“Eye-catching” Hubbub campaign to reduce litter launches in Bristol


Four-metre-high wave made of litter floating on Bristol Harbour among targeted messaging installed in Bristol to encourage people not to leave litter behind.

In partnership with Bristol Waste and Bristol City Council, environmental charity Hubbub is launching the “Bristol’s Binning” campaign which aims to help reduce the amount of litter on Bristol’s streets and stop it from travelling into the harbour and out to sea.

Over 50 colourful and eye-catching bins are being installed across the city centre near takeaways, nightlife venues and parks, as well as stadiums, transport hubs, in and around markets and the harbour.

The new design bins will feature fun takes on song lyrics, gaming motifs and playful puns, and there will be glow-in-the-dark bins and bins that both cheer people on and play jungle music when they are opened.

New recycling bins for plastic bottles, cans and glass will also be installed for the first time alongside Bristol’s existing general waste bins and coffee cup recycling bins to make it as easy as possible for people to recycle when out and about, the campaign organisers says.

Colourful voting bins for general litter and “ballot bins” for cigarette butts will be popping up to get people to vote with their litter on hot topics too, such as “Surf vs Skate”, “Drum & Bass vs Techno” or “Casa Amor vs Main Villa”.

Bristolians can also use the LitterLotto app which offers a free-to-enter Prize Draw, with regular spot prizes and jackpots for binning their litter.

The Wave sculpture shows the extent of the problem in Bristol, and why we need to take action.

With the aim of galvanising the public to take action, an art installation of a giant wave made of litter has been created by eco-artist Wren Miller, with support from Bristol Council, Bristol Waste and Hargreaves Lansdown.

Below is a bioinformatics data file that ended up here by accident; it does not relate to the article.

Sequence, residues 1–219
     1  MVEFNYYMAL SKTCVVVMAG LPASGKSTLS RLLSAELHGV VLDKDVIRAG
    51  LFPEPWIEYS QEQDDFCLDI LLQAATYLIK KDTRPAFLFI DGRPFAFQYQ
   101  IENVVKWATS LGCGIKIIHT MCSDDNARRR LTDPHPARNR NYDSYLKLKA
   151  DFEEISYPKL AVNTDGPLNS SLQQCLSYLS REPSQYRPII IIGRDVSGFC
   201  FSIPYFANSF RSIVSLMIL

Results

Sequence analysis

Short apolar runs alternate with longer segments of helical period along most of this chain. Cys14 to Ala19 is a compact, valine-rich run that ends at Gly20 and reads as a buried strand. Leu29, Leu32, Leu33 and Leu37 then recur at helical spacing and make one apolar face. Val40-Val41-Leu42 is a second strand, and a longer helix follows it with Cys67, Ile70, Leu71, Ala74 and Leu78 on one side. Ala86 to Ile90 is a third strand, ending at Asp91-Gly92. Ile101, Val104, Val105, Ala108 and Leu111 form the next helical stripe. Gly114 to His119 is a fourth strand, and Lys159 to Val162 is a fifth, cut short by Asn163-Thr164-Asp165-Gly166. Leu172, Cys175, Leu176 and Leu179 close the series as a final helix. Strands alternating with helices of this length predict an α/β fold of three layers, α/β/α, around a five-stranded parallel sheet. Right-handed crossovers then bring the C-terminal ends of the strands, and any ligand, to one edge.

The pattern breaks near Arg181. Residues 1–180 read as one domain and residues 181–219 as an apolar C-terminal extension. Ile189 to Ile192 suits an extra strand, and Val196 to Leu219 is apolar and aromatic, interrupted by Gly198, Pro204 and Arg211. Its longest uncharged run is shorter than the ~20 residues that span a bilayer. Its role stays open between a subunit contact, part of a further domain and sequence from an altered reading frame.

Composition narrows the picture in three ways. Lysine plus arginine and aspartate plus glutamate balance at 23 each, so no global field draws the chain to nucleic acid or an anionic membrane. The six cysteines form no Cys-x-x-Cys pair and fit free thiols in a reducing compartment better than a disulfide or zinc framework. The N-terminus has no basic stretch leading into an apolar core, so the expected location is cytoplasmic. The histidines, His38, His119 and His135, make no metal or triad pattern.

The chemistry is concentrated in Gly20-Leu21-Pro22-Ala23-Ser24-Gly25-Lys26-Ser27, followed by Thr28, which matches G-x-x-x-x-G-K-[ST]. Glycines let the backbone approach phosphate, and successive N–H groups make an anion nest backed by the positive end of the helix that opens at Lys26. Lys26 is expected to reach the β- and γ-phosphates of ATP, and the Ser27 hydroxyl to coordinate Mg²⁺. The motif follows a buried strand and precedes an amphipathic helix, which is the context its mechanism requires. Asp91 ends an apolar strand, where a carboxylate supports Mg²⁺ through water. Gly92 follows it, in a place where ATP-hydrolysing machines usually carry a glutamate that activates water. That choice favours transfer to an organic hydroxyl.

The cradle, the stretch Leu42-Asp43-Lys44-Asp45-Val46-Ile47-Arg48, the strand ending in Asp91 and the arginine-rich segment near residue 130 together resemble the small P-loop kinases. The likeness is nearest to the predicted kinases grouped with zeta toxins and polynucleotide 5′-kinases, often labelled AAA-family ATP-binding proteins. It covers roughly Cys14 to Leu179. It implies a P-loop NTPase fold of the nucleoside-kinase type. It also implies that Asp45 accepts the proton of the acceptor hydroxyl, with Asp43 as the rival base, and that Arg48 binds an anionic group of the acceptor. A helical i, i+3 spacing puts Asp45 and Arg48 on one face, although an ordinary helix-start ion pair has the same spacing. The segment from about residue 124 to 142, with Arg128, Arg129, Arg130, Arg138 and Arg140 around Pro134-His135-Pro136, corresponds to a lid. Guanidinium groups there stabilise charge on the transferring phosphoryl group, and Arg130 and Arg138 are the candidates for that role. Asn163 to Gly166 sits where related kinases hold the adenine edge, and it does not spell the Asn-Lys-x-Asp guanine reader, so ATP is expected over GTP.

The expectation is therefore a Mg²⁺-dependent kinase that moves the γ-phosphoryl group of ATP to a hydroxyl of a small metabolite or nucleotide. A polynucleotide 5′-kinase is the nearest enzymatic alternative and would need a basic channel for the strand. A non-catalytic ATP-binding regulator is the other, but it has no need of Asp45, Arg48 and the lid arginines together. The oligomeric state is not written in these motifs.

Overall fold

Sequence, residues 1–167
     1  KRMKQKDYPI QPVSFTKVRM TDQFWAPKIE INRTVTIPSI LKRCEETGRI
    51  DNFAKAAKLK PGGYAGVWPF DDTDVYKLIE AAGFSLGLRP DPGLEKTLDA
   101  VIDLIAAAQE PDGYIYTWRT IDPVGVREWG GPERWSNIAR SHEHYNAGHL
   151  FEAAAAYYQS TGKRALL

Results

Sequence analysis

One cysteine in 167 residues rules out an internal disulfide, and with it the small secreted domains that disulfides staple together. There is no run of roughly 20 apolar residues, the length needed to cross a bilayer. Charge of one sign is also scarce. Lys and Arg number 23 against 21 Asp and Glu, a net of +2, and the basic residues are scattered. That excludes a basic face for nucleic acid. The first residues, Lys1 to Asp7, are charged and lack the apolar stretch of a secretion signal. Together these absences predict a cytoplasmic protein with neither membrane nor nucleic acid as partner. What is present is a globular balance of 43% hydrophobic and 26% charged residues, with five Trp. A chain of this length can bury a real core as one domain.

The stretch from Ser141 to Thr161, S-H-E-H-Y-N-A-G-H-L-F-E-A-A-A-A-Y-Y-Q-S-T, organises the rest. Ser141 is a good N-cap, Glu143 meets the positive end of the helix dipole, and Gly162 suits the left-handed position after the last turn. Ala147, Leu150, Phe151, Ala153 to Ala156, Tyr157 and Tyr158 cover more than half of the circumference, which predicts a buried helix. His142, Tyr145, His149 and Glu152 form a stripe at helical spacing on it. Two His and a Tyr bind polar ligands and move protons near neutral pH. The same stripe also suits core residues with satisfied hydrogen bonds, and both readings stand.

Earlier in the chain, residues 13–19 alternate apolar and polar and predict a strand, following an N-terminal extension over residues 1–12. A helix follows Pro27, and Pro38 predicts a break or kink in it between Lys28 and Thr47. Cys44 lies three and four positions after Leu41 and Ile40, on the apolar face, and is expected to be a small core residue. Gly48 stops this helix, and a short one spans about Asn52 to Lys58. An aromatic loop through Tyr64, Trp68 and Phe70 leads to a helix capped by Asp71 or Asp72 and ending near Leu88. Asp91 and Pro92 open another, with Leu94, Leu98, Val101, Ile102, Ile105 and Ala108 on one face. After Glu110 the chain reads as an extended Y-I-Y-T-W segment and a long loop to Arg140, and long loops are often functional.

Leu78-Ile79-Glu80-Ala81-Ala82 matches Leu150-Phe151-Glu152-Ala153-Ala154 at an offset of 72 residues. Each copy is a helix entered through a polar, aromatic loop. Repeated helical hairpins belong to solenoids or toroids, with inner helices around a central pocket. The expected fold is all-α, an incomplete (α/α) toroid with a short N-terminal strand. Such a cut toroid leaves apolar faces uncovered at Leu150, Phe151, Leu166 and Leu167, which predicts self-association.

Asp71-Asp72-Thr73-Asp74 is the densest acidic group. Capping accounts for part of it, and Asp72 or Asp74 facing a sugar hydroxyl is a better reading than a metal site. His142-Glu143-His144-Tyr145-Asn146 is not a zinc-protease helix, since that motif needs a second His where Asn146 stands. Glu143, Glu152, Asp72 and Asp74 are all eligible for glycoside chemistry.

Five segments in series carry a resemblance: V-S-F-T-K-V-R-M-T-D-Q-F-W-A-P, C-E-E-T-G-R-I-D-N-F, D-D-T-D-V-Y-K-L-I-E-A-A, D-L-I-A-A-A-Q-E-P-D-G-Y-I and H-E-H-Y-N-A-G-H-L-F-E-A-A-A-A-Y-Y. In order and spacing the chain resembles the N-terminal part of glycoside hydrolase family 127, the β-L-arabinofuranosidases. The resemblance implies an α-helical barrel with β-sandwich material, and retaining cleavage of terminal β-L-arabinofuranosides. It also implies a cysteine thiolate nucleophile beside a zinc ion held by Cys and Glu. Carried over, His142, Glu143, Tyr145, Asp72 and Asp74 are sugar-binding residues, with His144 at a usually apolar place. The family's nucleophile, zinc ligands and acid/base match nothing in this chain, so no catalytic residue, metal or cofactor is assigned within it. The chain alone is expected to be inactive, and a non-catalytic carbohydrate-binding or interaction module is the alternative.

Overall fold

The wave is made with 90kg of waste, equivalent to the volume of litter dropped on Baldwin Street in just one busy Friday, to highlight the scale of littering in Bristol’s City Centre.

Officially launching the campaign, Mayor of Bristol Marvin Rees unveiled The Wave sculpture on the 2 November morning at the harbour where it will be on display for three months, before moving on land around “prime” city centre locations.

Bin bristol
Campaign organisers say new recycling bins for plastic bottles, cans and glass will also be installed for the first time.

Mayor Rees said: “The Wave sculpture shows the extent of the problem in Bristol, and why we need to take action. Not only does litter look unsightly it can be harmful to both people and animals – especially if it ends up becoming ocean pollution.

“We hope this campaign will capture the attention of the people of Bristol and encourage them to think twice about dropping litter after a night out. Working together we can make Bristol a city we can all be proud of.”

The campaign has been developed based on insights from Hubbub research, the charity’s Neat Streets campaign in Bournemouth and in collaboration with partners and residents to ensure it reaches the right people in the environments they are most likely to litter.

Creative partner at Hubbub, Natasha Gammell, said: “Bristol is known for leading the way on environmental issues, but litter continues to be a problem, particularly at night as a result of people enjoying the nightlife.

“We hope these hilarious bins that play catchy tunes and glow in the dark, will turn some heads and encourage people to use them and not leave their litter lying around the city. With this campaign, we can show that Bristol is winning by binning!”

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